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Medical Malpractice Hong Kong | Medical Malpractice Defense

If you are considering a medical negligence claim and you are thinking of contacting Been Let Down to discuss your claim, we would first arrange a consultation over the telephone; this initial call is free, and there is no obligation to proceed. During this phase of the claims process, we will take the time to listen to the details of your claim in detail.
Depending on the state, the plaintiff may also be required to prove that the hospital would not have hired the doctor if an appropriate and effective screening procedure was followed. A plaintiff suing a hospital for negligently retaining a doctor will need to prove facts showing that the hospital administration knew or should have known that the doctor had become incompetent.
Medical negligence and medical malpractice are two terms that are often used for the same event.  They describe a situation in which a physician, nurse, or hospital failed to treat a patient at a reasonable standard expected from a medical professional under those conditions. In addition, that improper care  must have caused some injury to the patient, which then must have caused some damages to the patient, as well.

Under NO circumstances is your doctor allowed to leak, alter, or otherwise use your medical information against you in retaliation for filing a malpractice lawsuit. There are severe criminal, civil, and judicial penalties for taking such illegal actions. For engaging in an act such as altering your medical records, your doctor could face anywhere from criminal fraud charges to the loss of his medical license.


At my GP surgery I’m pretty sure half the battle is wether the receptionist thinks your exaggerating ! A few months back I caught flu from my daughter, after a week the fever, headache and severe cough hadn’t subsided. I have asthma so knew it was a good idea to call to be sure I didn’t have a chest infection. I managed to be granted a telephone consultation with the nurse who oodly prescribed a nose spray thinking the head pain was actually my sinus’s (never had sinus issues) a week on no change but the cough was horrific with all sorts coming up. Called again got a telephone consultation with GP, he prescribed a low dose of antibiotic an said it’s most likely viral. 1 week on after feeling slight relief I started feeling extreemly wheezy with not much change to the cough. The 2nd day I called I demanded to see someone as I couldn’t see how my chest could be Assesed over the phone. Then I got an appointment with the nurse at the minor ailments clinic(minor difficulty breathing) I was straight away placed on a nebulizer, my sats were low and nurse said I had pneumonia. A month later still not feeling quite right my asthma meds were increased. 1 month on again another course of steroids and then they agreed I probably should have an xray. 5 hrs late they call saying I need a ct scan but will have to be in a waiting list. All this caused me severe anxiety and when I saw a dr and broke down he literally made me feel a complete waste of time. Since I’ve felt awful but am too embarrassed to go back so have to hope this is all just anxiety. As soon as my referals through I’ll be leaving that surgery as I have zero confidence in them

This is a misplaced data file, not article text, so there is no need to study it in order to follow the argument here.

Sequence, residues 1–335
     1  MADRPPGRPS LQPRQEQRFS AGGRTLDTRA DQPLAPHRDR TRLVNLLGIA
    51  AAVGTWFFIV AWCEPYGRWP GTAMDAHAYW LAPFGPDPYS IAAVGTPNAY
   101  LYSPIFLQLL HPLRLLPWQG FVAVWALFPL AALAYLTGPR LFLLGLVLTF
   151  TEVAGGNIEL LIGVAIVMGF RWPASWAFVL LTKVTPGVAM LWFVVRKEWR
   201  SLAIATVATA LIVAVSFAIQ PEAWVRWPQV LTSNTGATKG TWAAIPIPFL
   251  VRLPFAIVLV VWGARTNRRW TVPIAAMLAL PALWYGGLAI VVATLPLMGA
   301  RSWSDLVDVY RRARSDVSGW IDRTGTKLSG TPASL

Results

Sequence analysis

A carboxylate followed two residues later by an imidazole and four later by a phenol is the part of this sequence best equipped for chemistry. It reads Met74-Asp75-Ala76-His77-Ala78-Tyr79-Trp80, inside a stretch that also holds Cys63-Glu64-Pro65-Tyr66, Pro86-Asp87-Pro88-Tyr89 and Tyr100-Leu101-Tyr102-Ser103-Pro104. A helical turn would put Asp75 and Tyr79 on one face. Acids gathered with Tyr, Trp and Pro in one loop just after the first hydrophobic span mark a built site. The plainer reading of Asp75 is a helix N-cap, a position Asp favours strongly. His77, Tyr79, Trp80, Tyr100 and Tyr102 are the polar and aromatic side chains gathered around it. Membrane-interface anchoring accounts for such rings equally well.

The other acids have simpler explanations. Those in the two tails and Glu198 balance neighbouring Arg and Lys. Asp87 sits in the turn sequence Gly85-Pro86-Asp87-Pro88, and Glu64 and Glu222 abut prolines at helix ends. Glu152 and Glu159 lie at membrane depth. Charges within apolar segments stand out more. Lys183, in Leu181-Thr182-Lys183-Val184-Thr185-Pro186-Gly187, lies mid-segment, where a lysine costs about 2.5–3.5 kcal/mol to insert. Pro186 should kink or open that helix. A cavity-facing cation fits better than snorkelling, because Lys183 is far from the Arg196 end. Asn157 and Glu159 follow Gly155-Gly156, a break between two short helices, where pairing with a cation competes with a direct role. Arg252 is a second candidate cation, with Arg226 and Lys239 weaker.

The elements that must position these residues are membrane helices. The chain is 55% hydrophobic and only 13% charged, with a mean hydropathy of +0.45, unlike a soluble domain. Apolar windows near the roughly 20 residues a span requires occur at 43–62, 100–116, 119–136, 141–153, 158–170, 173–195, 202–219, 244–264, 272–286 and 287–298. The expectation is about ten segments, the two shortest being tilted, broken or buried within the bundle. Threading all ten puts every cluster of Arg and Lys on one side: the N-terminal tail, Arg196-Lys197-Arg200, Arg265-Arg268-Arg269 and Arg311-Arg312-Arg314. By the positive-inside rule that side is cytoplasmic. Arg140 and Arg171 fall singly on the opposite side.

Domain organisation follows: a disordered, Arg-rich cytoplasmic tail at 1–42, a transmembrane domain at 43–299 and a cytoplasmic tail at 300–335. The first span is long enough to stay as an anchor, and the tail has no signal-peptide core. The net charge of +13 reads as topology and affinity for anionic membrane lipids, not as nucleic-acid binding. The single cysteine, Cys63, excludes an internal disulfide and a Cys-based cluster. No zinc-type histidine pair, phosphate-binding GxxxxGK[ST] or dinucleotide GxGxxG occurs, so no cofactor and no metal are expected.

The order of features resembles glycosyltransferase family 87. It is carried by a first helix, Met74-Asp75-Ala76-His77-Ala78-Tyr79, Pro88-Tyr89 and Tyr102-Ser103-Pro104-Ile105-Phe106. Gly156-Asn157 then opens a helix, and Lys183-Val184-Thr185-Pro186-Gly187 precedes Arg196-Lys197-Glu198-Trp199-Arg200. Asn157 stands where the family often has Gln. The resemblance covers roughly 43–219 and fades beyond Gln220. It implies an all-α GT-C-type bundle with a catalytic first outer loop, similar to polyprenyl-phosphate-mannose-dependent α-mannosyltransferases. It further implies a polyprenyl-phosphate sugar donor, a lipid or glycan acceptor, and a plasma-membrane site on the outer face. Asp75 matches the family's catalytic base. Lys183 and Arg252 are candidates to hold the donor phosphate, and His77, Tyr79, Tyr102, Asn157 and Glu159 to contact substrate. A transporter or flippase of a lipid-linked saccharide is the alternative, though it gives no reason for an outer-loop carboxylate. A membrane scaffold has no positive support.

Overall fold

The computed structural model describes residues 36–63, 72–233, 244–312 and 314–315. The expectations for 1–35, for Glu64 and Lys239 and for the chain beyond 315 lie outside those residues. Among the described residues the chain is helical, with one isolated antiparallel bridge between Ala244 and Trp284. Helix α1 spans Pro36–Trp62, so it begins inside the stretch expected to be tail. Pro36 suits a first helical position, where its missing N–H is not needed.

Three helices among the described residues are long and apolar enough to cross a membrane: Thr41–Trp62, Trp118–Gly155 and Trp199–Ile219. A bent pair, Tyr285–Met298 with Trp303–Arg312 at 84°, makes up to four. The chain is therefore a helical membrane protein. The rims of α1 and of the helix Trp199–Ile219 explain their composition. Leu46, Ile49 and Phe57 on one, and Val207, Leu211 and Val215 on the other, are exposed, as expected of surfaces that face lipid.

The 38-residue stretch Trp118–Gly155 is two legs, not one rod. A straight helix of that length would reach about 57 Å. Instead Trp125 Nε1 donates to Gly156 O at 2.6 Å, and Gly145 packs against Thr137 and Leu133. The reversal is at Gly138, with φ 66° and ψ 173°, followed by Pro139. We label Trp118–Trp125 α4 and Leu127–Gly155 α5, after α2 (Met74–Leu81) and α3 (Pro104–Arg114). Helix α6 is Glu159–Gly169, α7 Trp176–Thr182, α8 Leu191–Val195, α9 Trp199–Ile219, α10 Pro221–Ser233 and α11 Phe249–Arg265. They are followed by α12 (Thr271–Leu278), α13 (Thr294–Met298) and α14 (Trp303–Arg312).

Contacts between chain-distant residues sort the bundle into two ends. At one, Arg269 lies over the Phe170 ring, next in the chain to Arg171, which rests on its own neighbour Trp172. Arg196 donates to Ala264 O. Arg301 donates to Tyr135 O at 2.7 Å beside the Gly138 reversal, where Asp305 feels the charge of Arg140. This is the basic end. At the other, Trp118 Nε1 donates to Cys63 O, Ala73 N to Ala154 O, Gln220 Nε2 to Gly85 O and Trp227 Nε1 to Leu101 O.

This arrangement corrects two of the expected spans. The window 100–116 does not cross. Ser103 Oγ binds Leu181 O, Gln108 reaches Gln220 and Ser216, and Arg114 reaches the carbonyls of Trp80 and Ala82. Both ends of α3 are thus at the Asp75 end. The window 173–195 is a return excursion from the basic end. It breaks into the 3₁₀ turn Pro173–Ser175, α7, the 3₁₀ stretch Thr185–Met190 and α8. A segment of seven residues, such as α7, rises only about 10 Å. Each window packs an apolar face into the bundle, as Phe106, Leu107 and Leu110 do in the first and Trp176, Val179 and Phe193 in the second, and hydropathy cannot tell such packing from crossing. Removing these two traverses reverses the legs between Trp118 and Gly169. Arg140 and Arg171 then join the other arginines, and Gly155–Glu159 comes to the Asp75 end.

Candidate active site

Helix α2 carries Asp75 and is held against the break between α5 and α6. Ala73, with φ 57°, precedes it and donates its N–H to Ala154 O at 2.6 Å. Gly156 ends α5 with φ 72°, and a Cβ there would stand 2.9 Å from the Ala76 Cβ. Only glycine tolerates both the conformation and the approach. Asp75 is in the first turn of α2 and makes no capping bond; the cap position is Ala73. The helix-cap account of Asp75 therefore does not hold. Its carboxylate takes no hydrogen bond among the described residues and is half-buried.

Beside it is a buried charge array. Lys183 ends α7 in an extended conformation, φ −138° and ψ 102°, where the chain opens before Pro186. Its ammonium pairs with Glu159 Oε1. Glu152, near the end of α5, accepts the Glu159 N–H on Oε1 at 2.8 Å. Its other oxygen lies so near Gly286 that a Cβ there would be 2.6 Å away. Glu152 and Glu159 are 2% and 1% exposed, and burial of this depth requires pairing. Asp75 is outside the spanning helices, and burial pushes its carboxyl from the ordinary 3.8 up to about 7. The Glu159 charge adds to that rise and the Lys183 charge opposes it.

A four-year statute of repose applies to claims arising out of acts or omissions on or after April 11, 2003. A claim must be brought within four years of the act or omission, except that a claimant has one full year from discovery, even if this exceeds four years, for claims discovered after three years or claims based on a foreign object left in the body only. Ohio Rev. Code Ann. § 2305.113
A personal example - I had a physician try to talk me in to ECT several years ago. I explained that I didn't want to do it, because I didn't want to accept the risks of permanent memory loss. He denied those risks at first. He told me it was cooked up by the scientologists and anti-psychiatry folks and assumed my resistance was due to having seen the movie One Flew Over a Cuckoos Nest (which I had not seen, by the way). I finally got him to concede it was a risk, a risk I wasn't willing to take. I don't care how small the risk is or if the physician thinks it's worth it. They better tell me the truth. He wasn't the one having the procedure and accepting those risks. I was. As long as I am legally competent, the decision is mine. I have real issues about trying to coerce someone into signing an informed consent document by lying. That's unethical. I continue to be glad I didn't do it. It's a very individual decision.
Back surgery remains a highly controversial area of surgical medicine and the ambiguity of the outcomes supports why some surgeons are extremely conservative in identifying good surgical candidates. The first surgeon did not find you to be a good surgical candidate, the second one did. "proving" that surgeon #1 lied to you may assuage your outrage, but does nothing to further your case or your health and it's likely to fail in court. So my opinion, move on. Best of luck.
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